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Mistletoe

What is it?

Mistletoe is an herbal medicine used to treat high blood pressure, cancer, and a fast heart rate from feeling nervous. It may also be used to improve the immune system. This system protects your body from infection.

Other names for Mistletoe include: Viscum, Golden bough, and All heal.

Ask your doctor, nurse, or pharmacist if you need more information about this medicine or if any information in this leaflet concerns you.

Before Using:

Tell your doctor if you

  • are taking medicine or are allergic to any medicine (prescription or over-the-counter (OTC) or dietary supplement)
  • are pregnant or plan to become pregnant while using this medicine
  • are breastfeeding
  • have tuberculosis (TB), AIDS, hyperthyroidism, an inflammatory disorder, or brain or spinal cord tumors
  • have any other health problems, such as high blood pressure or heart or blood vessel disease

Dosage:

Talk with your caregiver about how much mistletoe you should take. The amount depends on the strength of the medicine and the reason you are taking mistletoe. If you are using this medicine without instructions from your caregiver, follow the directions on the medicine bottle. Do not take more medicine or take it more often than the directions tell you to.

To store this medicine:

Keep all medicine locked up and away from children. Store medicine away from heat and direct light. Do not store your medicine in the bathroom, near the kitchen sink, or in other damp places. Heat or moisture may cause the medicine to break down and not work the way it should work. Throw away medicine that is out of date or that you do not need. Never share your medicine with others.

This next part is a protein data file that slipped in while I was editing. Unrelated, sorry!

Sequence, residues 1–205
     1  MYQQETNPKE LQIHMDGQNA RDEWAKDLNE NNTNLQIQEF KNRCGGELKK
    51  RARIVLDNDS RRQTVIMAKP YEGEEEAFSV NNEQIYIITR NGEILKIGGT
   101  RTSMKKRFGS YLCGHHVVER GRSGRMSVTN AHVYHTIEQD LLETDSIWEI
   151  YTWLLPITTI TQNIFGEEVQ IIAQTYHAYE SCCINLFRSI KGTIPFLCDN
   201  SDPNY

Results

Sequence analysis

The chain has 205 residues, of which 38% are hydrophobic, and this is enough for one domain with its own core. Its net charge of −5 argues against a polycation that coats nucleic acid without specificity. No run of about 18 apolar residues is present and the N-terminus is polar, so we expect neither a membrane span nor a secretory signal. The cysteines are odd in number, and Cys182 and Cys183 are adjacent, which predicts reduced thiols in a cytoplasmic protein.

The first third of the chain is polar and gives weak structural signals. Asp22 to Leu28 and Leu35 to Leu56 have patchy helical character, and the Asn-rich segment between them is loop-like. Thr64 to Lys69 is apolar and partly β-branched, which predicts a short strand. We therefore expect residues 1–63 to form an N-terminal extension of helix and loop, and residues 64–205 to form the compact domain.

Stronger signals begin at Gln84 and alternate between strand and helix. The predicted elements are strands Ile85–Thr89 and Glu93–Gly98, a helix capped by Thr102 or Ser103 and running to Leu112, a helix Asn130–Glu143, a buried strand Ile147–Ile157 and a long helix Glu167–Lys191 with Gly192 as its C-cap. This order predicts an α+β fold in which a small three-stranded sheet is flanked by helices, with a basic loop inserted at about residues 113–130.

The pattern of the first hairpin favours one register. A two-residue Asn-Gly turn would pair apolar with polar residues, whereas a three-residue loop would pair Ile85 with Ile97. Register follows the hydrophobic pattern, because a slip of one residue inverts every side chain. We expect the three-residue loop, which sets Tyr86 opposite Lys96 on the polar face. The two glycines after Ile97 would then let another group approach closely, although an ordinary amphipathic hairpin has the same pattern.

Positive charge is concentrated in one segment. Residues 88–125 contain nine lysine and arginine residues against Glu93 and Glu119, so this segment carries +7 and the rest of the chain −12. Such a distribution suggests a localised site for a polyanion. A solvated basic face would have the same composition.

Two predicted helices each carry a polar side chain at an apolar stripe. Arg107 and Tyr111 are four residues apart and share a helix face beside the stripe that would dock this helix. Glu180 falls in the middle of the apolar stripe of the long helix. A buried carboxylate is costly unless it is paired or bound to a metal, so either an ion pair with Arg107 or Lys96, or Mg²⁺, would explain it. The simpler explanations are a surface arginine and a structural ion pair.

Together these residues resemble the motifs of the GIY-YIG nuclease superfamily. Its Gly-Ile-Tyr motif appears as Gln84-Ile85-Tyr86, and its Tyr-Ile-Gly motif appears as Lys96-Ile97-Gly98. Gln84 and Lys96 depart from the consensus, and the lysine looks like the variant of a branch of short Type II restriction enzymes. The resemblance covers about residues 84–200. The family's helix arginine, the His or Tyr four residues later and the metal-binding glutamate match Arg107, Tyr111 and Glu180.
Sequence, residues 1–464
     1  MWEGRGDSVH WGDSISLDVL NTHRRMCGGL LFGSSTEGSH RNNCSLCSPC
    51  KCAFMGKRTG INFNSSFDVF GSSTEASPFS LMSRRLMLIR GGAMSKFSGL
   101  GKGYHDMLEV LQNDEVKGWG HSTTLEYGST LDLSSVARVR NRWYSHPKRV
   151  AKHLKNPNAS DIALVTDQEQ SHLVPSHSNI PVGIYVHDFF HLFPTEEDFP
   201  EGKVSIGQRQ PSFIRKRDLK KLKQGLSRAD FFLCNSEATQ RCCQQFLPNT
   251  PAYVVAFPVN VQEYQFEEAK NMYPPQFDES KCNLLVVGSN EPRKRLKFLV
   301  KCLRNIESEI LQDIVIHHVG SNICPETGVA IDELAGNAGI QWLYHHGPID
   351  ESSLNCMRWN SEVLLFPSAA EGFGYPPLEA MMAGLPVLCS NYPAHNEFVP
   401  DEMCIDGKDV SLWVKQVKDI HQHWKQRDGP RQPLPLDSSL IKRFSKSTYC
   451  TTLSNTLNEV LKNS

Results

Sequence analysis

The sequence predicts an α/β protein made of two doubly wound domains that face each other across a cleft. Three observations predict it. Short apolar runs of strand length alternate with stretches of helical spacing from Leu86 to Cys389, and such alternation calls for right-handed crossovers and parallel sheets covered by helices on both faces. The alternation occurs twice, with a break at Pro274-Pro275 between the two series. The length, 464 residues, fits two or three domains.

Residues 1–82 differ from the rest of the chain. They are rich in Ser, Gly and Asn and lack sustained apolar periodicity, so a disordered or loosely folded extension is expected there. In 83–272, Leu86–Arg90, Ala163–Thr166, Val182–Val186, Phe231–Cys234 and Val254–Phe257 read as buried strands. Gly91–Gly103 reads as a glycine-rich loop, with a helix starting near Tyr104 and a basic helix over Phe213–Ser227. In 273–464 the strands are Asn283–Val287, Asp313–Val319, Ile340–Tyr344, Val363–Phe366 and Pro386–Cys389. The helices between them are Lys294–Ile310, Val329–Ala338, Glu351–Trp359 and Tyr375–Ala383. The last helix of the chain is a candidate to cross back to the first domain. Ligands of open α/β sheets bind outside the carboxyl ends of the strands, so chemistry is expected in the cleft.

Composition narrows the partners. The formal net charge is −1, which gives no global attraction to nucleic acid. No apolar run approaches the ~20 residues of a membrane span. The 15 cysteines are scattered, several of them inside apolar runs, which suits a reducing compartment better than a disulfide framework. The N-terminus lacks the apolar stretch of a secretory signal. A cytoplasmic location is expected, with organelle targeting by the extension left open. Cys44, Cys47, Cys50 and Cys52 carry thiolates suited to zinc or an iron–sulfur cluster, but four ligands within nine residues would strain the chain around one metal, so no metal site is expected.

Drug and Food Interactions:

Do not take mistletoe without talking to your doctor first if you are taking:

  • Blood thinning medicine (warfarin (Coumadin(R)) (6)

Warnings:

  • Mistletoe berries are very poisonous (2)
  • Before taking mistletoe, tell your doctor if you are pregnant or breastfeeding
  • Do not take mistletoe if you have tuberculosis (TB), AIDS, hyperthyroidism, an inflammatory disease, or brain or spinal cord tumors (5)
  • Mistletoe should only be prescribed by a specialist in herbal treatments (2)
  • Eating or drinking too much mistletoe may cause loss of consciousness (fainting or unable to wake up) and death (2)

Side Effects:

Stop taking your medicine right away and talk to your doctor if you have any of the following side effects. Your medicine may be causing these symptoms which may mean you are allergic to it.

  • Breathing problems or tightness in your throat or chest
  • Chest pain
  • Skin hives, rash, or itchy or swollen skin

Other Side Effects:

You may have the following side effects, but this medicine may also cause other side effects. Tell your doctor if you have side effects that you think are caused by this medicine. Call your doctor right away if you have any of the following side effects:

  • Low or high blood pressure (4)
  • Loss of consciousness (fainting or not able to wake up) (4)
  • Seizures (uncontrolled shaking) (4)
  • Change in eye sight or hallucinations (seeing or hearing things) (4)
  • Diarrhea, nausea (stomach upset), or vomiting (throwing up) (4)

References:

1. Anon: British Herbal Pharmacopoeia. British Herbal Medicine Association, Keighley, UK; 1983.

2. Newall C, Anderson L & Phillipson J. Mistletoe. In: Herbal Medicines: A Guide for Health-Care Professionals. The Pharmaceutical Press, London, UK; 1996.

3. Brinker F: Herb Contraindications and Drug Interactions. Eclectic Institut Inc, Sandy, OR; 1997.

4. Fetrow CW and Avila JR: Professionals Handbook of Complementary and Alternative Medicine. Springhouse Corporation, Springhouse, PA; 1999.

5. Fachinformation: Iscador(R), mistletoe extract. Weleda AG, Schwaebisch-Gmuend, Germany; 1997.

6. Product Information: COUMADIN(R) oral tablets, IV injection, warfarin sodium oral tablets, IV injection. Bristol-Myers Squibb Company, Princeton, NJ, 2007.


Last Updated: 9/4/2017
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